For those unfamiliar with his work, Joey Sturgis is a renowned producer in the metal and hardcore world. As well as being credited on a vast number of heavy albums, Sturgis also dispenses a great deal of his knowledge through the URM podcast and is involved in the mixing subscription service, Nail The Mix.
A lot of my own knowledge has come from Joey Sturgis tutorials, who seems to have a very direct and no-nonsense method to his teaching which I find helpful.
A Tape… Delay?

Alongside all of this work, he also runs JST, or Joey Sturgis Tones, which provide audio plugins ranging from amplifier sims to transient designers. This review focuses on Soar, a tape delay plugin developed by JST.

Tape delay might seem like an antiquated practice in the digital age. Analog tape itself has followed the floppy disk on its journey out of general use, and aside from nostalgic enthusiasts and the odd joke about how to use a biro pen to fix a cassette tape, it’s becoming rarer to see an actual audio tape in almost any context. In fact, in my place of work, I was recently shocked to meet a new member of staff who, when she was shown an audio cassette, didn’t know what it was.

The Review

The premise is actually quite simple. An early tape delay unit would consist of a recording head and a playback head, which would essentially give you the original recorded sound, and a copy of that same sound several milliseconds later. This effect was heavily used in early rock n roll and rockabilly guitar recordings and almost defined its sound. Tape delay or tape echo became more popular, and larger, more complicated units were developed, with multiple heads and adjustable tape speed.

Chances are that, if you’re producing music now, you haven’t been doing it since the 1950s and most likely your first encounter with delay would have been a digital unit. The main difference between a digital delay and a tape delay is that digital delays will produce exact, precise copies of the original sound, which will then be repeated based on the delay parameters like repeats, feedback, wet/dry mix, etc. As the analog tape is an imperfect medium, those imperfections affect the delays in interesting ways that are very pleasing to the ears. Tape saturation is a highly desired effect, and although most would agree that working with tape was arduous and filled with problems, producers still go out of their way to replicate the gentle saturation that tape can give to a mix.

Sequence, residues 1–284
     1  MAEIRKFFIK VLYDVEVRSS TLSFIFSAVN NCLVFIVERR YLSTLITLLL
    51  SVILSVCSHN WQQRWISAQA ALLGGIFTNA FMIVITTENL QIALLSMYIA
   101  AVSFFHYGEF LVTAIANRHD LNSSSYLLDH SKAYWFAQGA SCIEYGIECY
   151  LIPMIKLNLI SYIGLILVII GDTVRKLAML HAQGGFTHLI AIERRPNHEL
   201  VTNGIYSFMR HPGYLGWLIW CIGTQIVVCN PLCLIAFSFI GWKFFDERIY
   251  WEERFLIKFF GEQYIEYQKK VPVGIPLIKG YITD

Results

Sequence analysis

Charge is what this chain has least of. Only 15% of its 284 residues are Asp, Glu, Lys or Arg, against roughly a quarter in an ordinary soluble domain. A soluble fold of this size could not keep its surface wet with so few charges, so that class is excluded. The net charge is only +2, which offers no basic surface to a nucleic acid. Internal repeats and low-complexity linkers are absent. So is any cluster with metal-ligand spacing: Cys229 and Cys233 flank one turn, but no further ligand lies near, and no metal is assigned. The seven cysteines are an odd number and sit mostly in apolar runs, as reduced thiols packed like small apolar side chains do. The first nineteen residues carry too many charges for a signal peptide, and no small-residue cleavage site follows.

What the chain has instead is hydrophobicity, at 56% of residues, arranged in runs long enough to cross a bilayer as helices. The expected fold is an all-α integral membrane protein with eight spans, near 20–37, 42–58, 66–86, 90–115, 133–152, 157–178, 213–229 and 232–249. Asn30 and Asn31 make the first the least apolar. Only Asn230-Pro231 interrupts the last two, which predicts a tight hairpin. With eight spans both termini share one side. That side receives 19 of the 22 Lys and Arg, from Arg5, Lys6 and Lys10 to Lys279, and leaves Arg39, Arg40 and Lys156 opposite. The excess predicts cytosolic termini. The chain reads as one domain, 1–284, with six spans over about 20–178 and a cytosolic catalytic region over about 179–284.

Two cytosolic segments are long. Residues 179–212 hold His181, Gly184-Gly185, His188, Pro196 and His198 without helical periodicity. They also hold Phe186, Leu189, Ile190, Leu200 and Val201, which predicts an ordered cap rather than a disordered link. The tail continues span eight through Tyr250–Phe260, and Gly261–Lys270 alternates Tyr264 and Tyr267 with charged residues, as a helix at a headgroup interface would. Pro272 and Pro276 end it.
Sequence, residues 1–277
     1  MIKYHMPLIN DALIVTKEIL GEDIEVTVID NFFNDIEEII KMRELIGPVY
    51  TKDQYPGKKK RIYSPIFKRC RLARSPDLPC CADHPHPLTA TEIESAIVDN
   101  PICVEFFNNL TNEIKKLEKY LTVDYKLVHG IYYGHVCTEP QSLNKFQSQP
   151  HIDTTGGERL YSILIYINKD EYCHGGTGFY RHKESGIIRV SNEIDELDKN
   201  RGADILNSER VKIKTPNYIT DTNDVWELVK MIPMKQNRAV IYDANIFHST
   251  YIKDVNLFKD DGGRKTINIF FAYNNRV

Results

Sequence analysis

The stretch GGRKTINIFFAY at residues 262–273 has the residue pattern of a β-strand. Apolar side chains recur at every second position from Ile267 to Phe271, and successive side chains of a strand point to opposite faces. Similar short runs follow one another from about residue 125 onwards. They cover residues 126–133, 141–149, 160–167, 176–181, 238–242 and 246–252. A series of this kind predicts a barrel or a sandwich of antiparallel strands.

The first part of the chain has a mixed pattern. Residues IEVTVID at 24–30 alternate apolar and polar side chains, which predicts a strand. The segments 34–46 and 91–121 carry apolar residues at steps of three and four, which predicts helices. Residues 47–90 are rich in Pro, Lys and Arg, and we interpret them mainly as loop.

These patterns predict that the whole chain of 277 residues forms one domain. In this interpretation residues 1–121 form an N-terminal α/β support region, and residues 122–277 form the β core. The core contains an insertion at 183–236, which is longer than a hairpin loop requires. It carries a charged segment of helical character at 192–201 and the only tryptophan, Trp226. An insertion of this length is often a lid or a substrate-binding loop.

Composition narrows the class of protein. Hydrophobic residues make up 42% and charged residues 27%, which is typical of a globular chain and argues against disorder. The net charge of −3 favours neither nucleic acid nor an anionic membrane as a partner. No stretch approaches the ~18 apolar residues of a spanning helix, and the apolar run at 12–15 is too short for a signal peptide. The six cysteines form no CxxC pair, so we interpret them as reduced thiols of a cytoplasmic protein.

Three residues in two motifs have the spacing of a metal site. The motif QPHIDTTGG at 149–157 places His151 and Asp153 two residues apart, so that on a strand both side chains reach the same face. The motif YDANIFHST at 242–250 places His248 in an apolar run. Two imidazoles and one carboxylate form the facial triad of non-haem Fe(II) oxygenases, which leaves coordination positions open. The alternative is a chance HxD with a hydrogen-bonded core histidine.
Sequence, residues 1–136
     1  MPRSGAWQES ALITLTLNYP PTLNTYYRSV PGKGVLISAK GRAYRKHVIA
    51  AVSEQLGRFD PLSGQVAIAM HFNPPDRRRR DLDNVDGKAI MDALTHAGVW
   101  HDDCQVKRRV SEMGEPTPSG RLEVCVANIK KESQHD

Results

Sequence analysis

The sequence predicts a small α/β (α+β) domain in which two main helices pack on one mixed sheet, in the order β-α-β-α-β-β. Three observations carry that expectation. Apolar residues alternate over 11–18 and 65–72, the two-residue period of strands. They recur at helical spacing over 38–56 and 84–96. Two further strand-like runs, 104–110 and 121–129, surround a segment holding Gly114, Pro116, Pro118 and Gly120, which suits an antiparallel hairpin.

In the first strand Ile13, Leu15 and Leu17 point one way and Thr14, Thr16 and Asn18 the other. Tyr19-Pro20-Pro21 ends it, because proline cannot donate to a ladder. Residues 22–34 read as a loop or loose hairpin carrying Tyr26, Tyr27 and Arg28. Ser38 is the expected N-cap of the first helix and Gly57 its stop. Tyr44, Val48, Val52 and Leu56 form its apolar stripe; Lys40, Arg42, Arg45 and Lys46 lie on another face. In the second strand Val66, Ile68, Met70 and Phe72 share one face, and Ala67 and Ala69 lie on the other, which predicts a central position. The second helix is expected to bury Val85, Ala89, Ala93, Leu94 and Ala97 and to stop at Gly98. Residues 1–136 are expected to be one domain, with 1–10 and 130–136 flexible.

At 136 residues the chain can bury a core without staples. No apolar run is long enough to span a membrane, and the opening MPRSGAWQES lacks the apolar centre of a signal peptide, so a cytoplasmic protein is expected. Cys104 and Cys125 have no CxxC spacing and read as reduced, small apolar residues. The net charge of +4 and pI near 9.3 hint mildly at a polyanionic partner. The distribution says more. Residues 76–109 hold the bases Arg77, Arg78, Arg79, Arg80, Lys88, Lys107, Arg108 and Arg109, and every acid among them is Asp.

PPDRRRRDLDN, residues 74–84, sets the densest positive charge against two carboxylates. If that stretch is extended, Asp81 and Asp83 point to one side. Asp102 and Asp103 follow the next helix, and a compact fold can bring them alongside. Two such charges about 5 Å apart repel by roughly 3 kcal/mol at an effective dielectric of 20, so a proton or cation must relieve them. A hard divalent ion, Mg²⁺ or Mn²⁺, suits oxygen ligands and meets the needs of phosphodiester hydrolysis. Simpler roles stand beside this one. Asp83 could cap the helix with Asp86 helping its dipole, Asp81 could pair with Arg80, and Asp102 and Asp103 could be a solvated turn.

Onto the plugin itself, Soar is designed to be a faithful emulation of a tape delay unit, in the handy plugin format. The parameters and types of effects available are fully editable, a feature that would require a set of entirely different machines in the hardware realm.
One of the things I like to do a couple of days before properly sitting down to review a plugin is to spend five minutes and throw it onto a track to see how it sounds and get an honest first impression. In the case of JST Soar, it was a boring piano melody I was about to scrap before calling it a day and going to bed. Having opened JST Soar, I can honestly say that I’ve never been so instantly impressed with a plugin’s sound. Without even touching a dial, my uninspiring piano line was transformed with a lush, haunting delay. I wasn’t in the ballpark, requiring further tweaking, I was at my finished piano sound. I was so pleased with the tone that I didn’t go to bed. I stayed up and finished the track.
Once I’d got past my initial glee from Soar’s excellent delay tone, it was time to properly analyze the plugin. The interface is cleanly done and well laid out, with the expected (although not necessary) animated tape head graphic at the top. Centrally, there is a vintage looking backlit VU meter, and the whole plugin has a wooden box graphic encapsulating it. Weirdly enough, it reminds me of the graphics of late 90s PC games, which I like.

Below the tape head graphics is a slider allowing you to control the tape head settings. Although there are three tape heads to choose from, the slider allows you to select different combinations of them for a variety of effects. Tape head 1 gives 16th note delays, tape head 2 gives dotted 8th note delays, and head 3 gives 1/4 note delays. Therefore when you select the “3/1” setting, you will get both quarter and sixteenth note delays. The available settings are “1/2”, “2/3” or “3/1”, as well as “single” mode, which gives you just tape head 3 on its own, and “multi” which gives you all three.